The United States Forest Service (Forest Service) was engaged in the completion of a paved 75-mile road linking the towns of Orleans and Gasquet in California. The project includes the construction of a road in the Chimney Rock Area, a religious site for the Indians. Due to the commencement of the project, the government received several negative comments. In1977, a committee was formed to study on the feasibility and possible effects of the construction of the road. The Committee report revealed that due to the unique shape of the area, the Chimney Rock has religious significance for the Indian people.
It is being used to undertake several rituals and ceremonies and it is their view that doing the rituals on a different place would not yield to the same effects as in the Chimney Rock. Consequently, the committee recommended the abandonment of the project. Disregarding the findings made by the committee, the Forest Service promulgated an order to continue the project but with certain amendments. The construction was made in such a way that certain religious areas are not affected or altered substantially. Alternative routes and protective areas were also created in consideration of the religious preferences of the Indians.
Due to this decision, an Indian organization, nature organizations and several individuals filed a complaint in court challenging the project. The District Court imposed a permanent injunction prohibiting the continuance of the construction on the ground that it violates the provisions of the First Amendment on the Free Exercise Clause. The appellate court affirmed the decision. The case was brought to the Supreme Court and the court held that there was no violation of the Free Exercise Clause. There is no prohibition in the law on permitting the harvest of timber in Chimney Rock, neither is there a prohibition on the construction project.
The Government has the right to use its own lands based on its needs and should not be discouraged to meet those needs to give way to religious beliefs. The Court also held that substantial considerations were made in order to lessen the negative impact of the project on the beliefs of the Indian religious, thus, I cannot be said that the project is insensitive to Indian religious preferences. Impact on Indian Beliefs The project has a serious religious impact on the Indians as this is the place where they perform most of their rituals and ceremonies. The shape of the place has particular significance to the effectivity of such practices.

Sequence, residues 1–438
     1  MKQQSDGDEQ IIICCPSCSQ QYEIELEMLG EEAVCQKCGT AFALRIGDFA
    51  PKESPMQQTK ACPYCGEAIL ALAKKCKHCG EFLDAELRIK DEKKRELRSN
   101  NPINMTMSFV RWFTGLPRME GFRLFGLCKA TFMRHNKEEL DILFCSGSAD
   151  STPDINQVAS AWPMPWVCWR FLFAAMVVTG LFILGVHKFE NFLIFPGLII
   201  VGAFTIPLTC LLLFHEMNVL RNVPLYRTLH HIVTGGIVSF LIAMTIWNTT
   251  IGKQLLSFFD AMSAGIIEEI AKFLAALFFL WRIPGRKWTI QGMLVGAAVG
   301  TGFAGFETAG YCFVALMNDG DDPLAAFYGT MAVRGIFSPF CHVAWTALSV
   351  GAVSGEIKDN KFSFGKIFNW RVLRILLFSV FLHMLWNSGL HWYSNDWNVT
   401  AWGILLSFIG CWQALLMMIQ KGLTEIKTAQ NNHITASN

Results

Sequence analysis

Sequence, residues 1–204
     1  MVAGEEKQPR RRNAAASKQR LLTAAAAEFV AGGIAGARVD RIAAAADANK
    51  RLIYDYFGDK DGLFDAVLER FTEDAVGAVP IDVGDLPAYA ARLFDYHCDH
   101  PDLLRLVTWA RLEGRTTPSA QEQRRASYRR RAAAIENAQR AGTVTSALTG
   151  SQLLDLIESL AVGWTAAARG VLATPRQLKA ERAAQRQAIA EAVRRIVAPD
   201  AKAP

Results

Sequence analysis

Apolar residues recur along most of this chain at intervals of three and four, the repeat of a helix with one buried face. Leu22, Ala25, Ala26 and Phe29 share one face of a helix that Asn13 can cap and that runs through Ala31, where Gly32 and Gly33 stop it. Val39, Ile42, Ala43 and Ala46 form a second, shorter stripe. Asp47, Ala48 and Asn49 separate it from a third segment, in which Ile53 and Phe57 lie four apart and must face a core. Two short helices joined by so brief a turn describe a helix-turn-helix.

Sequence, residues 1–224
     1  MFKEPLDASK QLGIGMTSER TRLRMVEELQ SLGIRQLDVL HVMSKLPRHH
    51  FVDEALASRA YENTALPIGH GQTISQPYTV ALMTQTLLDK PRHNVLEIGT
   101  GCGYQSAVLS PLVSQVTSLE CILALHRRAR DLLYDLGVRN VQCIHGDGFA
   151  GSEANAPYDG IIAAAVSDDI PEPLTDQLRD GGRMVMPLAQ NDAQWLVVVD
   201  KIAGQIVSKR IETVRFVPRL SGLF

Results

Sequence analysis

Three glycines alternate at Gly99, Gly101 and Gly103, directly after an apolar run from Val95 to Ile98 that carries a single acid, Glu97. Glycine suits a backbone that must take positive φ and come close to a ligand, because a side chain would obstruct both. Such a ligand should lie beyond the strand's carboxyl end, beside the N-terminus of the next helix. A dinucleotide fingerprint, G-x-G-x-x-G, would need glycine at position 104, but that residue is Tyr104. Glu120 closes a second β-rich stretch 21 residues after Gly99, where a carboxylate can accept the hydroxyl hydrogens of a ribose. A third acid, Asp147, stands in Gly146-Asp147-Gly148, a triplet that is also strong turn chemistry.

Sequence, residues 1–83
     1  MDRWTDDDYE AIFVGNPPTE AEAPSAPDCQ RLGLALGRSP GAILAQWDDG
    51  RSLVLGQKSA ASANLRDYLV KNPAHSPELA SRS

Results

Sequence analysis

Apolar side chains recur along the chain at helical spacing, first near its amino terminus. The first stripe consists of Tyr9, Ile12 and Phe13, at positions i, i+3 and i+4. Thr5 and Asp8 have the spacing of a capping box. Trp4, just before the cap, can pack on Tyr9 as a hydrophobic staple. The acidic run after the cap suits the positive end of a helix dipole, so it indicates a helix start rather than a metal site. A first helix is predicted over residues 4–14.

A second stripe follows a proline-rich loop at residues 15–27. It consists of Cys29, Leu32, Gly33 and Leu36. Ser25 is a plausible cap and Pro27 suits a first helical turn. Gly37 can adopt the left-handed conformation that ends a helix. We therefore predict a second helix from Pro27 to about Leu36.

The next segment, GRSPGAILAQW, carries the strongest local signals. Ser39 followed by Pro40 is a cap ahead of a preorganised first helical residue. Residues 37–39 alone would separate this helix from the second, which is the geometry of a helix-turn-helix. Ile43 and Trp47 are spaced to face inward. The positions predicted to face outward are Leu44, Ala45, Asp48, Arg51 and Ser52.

It is their firm belief that the desired effect will not be achieved if the ritual is performed in another place. Aside from the effectivity, the presence of paved roads near the area will also lead to more commercial activities and people in the area. The more people there are, the more distractions will there be to the solemnity of the ritual and the concentration of the people involved. Professor Vogel According to Professor Howard Vogel, the case is “representative of a conflict between communities that arise from clashes of cultures between these communities.
” Professor Vogel has a point with this observation as not all communities are bound by a single belief or descend from the same cultural line or lineage. A community is a well rounded place which caters to all types of individuals holding a variety of opinions. A community is a smorgasbord of everything that the world has to offer. Due to the variance in the beliefs, practices, religions and philosophies, there is also a great divide between the way things are prioritized. Some may consider a particular aspect essential while others see nothing but ordinary.
This case clearly exhibits the difference in the hierarchy of values. To the Indians, the Chimney Rock is a sacred place, a site where they could connect with their God and perform their rituals. To the ordinary Americans, this place is nothing but an ordinary forest where timber needs could be supported. Although there is a certain form of respected shown to it by other people, the level of importance and value that they place on the site is not similar as to the Indians. They do not see the real essence of the place and why there some people who want to keep it free from distractions.
If they have the same beliefs and hierarchy of values then it would not be difficult to abandon the project but such is not the case. While most people would desire that their preferences be maintained at all times, this is not the scenario in the real world. Other people can only respect what you believe in but they cannot stop the world in order to accommodate such principles. They may impose certain restrictions but not exactly embrace the preferences that one holds.
United States Court of Appeals. Lyng v. Northwest Indian Cemetery Protective Association. 485 U. S. 439